I ran into PR man Tony Ahn a few nights ago while having dinner with a friend. Tony’s a pretty good PR person with a fairly unique perspective on marketing comms, so he gets invited to speak at things quite often. I know he was at the recently concluded IMMAP Summit, so I asked him about it.
“Sir Manny, I need your POV. Can you give me any tips for talking to a non-technical audience?”
I stared at the Facebook Messenger chatbox for a few minutes. I don’t really think much about speaking style. I’m of the opinion that putting too much thought into how I speak in public messes me up profoundly, so I avoid it like the plague. But this was a colleague reaching out with a genuinely legitimate concern. Technical people aren’t terribly comfortable talking to non-techies.
(Image taken from Mashable. Quite a nice short article on what’s possible for business computing in the cloud.)
It’s been a hectic past couple of weeks, which explains the lack of posts. I apologize to the two or three of you who are actually reading this blog; I literally have no idea how you’re coming upon these posts. (That’s not quite true as I can see it in my Google Analytics dashboard, but you get the picture.)
I’m currently swamped with work owing to several developments. I can’t talk about one of them yet as we’re currently scoping that and sorting out what’s needed and by when.
As for the other – I’m under a lot of pressure to accelerate the pace of a project we’ve pipelined for late next year, and that’s got me researching the latest trends in enterprise computing.
(Image above stolen from rudebaguette.com, France’s startup blog and quite an interesting site to visit.)
Rather crazy day today – from a 7 am meeting at CHED (helping work out some issues regarding accreditation for HAU) to a 6 pm group midterm exam that I think we overprepared for, with a finance committee meeting in between. I feel heavy. There was a lot of emotion to process today.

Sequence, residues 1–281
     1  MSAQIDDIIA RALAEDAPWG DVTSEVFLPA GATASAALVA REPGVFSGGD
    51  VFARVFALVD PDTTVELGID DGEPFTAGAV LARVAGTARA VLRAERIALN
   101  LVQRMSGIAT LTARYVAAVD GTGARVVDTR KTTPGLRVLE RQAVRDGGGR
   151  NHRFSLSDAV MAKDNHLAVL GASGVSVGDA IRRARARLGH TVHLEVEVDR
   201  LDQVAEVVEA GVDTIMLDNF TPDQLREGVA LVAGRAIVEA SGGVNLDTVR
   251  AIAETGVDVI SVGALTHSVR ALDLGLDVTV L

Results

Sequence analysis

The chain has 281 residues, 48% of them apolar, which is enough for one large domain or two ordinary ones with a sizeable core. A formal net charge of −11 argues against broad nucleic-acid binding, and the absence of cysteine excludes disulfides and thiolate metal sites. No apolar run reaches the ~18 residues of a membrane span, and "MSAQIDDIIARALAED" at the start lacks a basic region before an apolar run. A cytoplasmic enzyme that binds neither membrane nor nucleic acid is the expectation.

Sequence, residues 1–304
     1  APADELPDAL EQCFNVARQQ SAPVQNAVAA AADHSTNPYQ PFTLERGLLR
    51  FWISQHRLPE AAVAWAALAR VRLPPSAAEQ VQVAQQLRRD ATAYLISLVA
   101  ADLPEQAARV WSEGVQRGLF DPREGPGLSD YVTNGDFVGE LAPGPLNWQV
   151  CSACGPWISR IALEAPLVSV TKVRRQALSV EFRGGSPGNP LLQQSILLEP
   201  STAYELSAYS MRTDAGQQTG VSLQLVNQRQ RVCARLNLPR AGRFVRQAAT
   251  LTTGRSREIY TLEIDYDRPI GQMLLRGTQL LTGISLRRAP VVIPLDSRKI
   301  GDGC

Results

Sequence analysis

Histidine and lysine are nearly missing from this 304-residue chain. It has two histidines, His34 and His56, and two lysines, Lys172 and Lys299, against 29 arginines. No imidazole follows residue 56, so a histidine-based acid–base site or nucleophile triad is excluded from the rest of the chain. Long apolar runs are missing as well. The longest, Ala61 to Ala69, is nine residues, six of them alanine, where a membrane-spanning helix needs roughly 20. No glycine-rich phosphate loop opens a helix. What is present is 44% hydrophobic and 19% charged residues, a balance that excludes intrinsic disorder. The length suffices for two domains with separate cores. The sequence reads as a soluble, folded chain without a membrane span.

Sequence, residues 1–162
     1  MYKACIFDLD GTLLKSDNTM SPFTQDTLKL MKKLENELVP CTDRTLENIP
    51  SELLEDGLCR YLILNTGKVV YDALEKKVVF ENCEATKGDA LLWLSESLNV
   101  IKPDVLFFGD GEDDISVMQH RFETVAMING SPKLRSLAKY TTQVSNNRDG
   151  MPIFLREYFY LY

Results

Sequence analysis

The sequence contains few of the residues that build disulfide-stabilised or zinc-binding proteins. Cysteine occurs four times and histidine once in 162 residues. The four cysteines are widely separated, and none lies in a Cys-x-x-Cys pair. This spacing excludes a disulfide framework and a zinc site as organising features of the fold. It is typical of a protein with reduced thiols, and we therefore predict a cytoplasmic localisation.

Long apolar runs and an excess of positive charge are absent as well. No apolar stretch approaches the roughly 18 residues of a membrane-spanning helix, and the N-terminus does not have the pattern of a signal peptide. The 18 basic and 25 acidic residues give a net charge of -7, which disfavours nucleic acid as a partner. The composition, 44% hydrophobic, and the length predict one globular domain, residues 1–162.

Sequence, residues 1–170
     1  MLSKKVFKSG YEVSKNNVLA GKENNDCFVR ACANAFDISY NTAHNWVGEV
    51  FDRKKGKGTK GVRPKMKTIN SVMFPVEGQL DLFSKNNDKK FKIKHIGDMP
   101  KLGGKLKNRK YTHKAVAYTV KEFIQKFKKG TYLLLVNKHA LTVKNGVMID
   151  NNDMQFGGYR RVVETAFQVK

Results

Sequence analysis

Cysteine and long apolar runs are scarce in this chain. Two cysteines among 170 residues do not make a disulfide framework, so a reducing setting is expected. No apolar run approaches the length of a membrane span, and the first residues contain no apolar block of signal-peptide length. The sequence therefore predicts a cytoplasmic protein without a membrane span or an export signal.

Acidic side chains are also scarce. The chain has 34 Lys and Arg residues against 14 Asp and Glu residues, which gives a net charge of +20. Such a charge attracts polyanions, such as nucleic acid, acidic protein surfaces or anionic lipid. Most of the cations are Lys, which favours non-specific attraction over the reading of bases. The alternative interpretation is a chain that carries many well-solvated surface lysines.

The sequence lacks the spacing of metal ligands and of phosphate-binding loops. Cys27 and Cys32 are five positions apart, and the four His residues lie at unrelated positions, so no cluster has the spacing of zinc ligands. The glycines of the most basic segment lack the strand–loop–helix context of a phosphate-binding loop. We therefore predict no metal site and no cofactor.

I have a bit of a public confession to make: I didn’t finish my graduate degree, the one I started in 1998. Back then, I was the next best thing to a fresh graduate, having burned out after a year of teaching (partly at UA&P, partly at good old AdMU). I started taking my master’s degree in Information Management, which naturally is totally unrelated to my bachelor’s degree (I’m the proud holder of an AB in English Literature from the Ateneo). At the time, it was envisioned as a degree for technical folks or IT managers to get their credentials in proper management tools. CIOs were the new big thing in multinational organizations and it was what we all aspired to be.
We had a MoMoManila session this week, and it was good, content-wise, if rather poorly attended. We’ve been facing a lot of challenges lately in putting them together. Between our split time commitments and other projects, MoMo gets put on the back burner a lot.
Every so often, I get asked about how to get into the advertising industry. These are ten things I’ve said at various points in time to various people. Some of them eventually wound up in the industry.
Early last week, like every other red-blooded male on the Internet, I was titillated by images of naked celebrities. An anonymous redditor had hacked into the iCloud service and made public photos that had previously only been left to the imaginations of their fans. Jennifer Lawrence and Kate Upton were among the high-profile victims of the hack, with hundreds more under threat of further violations of their privacy.